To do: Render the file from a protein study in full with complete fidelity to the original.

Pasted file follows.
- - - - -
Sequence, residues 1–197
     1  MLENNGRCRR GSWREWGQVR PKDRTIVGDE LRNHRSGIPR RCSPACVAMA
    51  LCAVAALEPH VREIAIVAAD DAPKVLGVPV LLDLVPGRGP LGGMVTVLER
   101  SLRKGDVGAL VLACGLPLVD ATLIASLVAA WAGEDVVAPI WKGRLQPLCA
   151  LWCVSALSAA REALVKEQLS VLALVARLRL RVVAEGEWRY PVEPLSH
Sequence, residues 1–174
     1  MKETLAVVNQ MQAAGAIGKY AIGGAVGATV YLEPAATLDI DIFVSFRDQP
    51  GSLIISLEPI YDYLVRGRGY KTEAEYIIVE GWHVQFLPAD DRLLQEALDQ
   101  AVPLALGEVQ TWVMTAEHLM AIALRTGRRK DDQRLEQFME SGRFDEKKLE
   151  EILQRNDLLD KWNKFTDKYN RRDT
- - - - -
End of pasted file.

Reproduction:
Sequence, residues 1–197
     1  MLENNGRCRR GSWREWGQVR PKDRTIVGDE LRNHRSGIPR RCSPACVAMA
    51  LCAVAALEPH VREIAIVAAD DAPKVLGVPV LLDLVPGRGP LGGMVTVLER
   101  SLRKGDVGAL VLACGLPLVD ATLIASLVAA WAGEDVVAPI WKGRLQPLCA
   151  LWCVSALSAA REALVKEQLS VLALVARLRL RVVAEGEWRY PVEPLSH
Sequence, residues 1–174
     1  MKETLAVVNQ MQAAGAIGKY AIGGAVGATV YLEPAATLDI DIFVSFRDQP
    51  GSLIISLEPI YDYLVRGRGY KTEAEYIIVE GWHVQFLPAD DRLLQEALDQ
   101  AVPLALGEVQ TWVMTAEHLM AIALRTGRRK DDQRLEQFME SGRFDEKKLE
   151  EILQRNDLLD KWNKFTDKYN RRDT